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From Old French denuncier, from Latin dēnūntiō (to announce, to denounce, to threaten), from de + nūntiō (to announce, to report, to denounce), from nūntius (messenger, message).


  • IPA(key): /diˈnaʊns/, /dəˈnaʊns/
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  • Rhymes: -aʊns


denounce (third-person singular simple present denounces, present participle denouncing, simple past and past participle denounced)

  1. (transitive, obsolete) To make known in a formal manner; to proclaim; to announce; to declare.
  2. (transitive) To criticize or speak out against (someone or something); to point out as deserving of reprehension, etc.; to openly accuse or condemn in a threatening manner; to invoke censure upon; to stigmatize; to blame.
    to denounce someone as a swindler, or as a coward
    • 2013 May 23, Sarah Lyall, “British Leader’s Liberal Turn Sets Off a Rebellion in His Party”, in New York Times, retrieved 29 May 2013:
      Mr. Cameron had a respite Thursday from the negative chatter swirling around him when he appeared outside 10 Downing Street to denounce the murder a day before of a British soldier on a London street.
    • 2024 February 7, Mel Holley, “Network News: LNER ditches Off-Peak for 70min semi-flexible fare”, in RAIL, number 1002, page 6:
      It is the latest step towards an airline-style advance booking-only system, which rail users have denounced as signalling the end of affordable, immediate travel.
  3. (transitive) To make a formal or public accusation against; to inform against; to accuse.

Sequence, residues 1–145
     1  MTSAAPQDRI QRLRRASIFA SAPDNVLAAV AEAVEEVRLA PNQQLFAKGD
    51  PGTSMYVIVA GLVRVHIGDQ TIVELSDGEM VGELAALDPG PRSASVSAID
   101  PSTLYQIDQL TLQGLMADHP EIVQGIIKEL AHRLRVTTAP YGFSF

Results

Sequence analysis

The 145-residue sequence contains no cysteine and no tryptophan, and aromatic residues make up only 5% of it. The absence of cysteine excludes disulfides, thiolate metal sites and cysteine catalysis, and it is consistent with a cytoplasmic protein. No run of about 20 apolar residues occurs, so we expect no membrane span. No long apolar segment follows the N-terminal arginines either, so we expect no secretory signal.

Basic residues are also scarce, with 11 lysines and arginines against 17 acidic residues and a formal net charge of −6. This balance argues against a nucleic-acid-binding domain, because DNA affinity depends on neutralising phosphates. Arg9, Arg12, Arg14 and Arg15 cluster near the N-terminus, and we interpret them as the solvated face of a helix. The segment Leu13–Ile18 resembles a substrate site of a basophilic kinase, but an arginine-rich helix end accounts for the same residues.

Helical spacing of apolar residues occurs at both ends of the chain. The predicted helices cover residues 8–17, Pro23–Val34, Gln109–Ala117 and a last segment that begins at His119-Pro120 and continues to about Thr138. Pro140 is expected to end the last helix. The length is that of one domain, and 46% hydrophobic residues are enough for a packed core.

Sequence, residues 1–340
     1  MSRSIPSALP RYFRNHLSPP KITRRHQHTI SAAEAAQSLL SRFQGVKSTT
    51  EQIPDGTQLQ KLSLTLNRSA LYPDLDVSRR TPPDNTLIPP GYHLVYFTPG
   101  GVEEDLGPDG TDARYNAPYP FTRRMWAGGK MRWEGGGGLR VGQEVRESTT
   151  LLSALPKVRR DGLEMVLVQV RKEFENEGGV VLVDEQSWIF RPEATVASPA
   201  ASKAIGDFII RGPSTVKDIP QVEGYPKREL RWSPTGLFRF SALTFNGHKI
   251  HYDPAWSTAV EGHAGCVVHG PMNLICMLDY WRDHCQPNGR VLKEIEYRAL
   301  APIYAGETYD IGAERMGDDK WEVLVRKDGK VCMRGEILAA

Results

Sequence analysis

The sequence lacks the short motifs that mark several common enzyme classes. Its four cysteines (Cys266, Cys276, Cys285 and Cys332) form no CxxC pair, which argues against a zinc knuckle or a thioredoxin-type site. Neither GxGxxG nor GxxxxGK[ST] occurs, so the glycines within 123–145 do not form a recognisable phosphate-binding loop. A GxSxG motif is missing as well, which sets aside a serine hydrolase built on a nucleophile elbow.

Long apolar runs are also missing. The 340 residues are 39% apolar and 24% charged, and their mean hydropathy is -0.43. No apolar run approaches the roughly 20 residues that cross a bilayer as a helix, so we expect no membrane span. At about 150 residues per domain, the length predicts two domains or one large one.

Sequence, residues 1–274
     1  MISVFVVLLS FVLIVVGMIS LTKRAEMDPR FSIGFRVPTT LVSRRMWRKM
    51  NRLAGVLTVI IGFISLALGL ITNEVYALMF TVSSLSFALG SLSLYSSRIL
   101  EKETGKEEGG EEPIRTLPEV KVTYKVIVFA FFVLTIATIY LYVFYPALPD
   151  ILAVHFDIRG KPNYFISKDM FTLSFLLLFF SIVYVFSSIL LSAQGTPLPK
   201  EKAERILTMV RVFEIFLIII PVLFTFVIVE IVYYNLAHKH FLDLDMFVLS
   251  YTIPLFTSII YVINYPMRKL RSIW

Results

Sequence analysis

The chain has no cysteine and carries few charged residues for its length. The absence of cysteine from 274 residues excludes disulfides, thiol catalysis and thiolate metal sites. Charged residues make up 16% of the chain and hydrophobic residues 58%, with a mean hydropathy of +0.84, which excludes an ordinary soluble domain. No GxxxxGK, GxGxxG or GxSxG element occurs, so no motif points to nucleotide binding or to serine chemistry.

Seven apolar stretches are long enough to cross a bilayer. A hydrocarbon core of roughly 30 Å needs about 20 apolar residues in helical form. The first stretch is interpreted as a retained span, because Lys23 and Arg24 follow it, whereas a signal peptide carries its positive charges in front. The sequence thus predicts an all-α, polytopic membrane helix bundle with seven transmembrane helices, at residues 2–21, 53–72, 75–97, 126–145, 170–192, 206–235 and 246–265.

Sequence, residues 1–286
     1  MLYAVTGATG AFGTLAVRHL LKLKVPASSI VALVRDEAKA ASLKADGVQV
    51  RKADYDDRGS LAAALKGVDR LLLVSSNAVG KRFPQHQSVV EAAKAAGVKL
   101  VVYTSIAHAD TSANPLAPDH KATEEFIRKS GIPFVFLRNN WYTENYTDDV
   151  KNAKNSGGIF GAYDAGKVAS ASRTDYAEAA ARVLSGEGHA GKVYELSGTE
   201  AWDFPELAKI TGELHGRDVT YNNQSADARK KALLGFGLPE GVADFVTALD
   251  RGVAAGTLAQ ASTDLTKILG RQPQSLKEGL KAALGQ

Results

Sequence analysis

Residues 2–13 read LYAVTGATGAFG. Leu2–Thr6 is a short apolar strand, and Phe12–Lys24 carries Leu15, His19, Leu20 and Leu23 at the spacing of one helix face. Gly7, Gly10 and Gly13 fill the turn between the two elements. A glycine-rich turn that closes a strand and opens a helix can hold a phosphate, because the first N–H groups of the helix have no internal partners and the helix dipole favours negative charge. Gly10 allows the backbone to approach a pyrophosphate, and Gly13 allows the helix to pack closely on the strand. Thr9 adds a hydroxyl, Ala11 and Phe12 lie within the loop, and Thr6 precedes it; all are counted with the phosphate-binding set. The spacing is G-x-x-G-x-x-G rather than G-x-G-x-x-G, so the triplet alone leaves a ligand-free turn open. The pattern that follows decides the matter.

to denounce a confederate in crime
    to denounce someone to the authorities
  4. (transitive, obsolete) To proclaim in a threatening manner; to threaten by some outward sign or expression; make a menace of.
    to denounce war; to denounce punishment
  5. (transitive) To announce the termination of; especially a treaty or armistice.
    • 2020 December 29, Matthew Scott, “How could Priti Patel reintroduce the death penalty?”, in BarristerBlogger[1] (blog), archived from the original on 30 December 2020:
      It would be possible to “denounce” (leave) the Convention altogether, but short of that, legislation to restore the death penalty would place the UK government in breach of its treaty obligations under the ECHR; it would breach international law.
    • 2021, Legislative Council of Hong Kong, “Sale of Goods (United Nations Convention) Ordinance”, in Government of Hong Kong Special Administrative Region Gazette[2], page A3313:
      A Contracting State may denounce this Convention, or Part II or Part III of the Convention, by a formal notification in writing addressed to the depositary.
  6. (US, historical) To claim the right of working a mine that is abandoned or insufficiently worked.


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Terms related via Latin nūntiō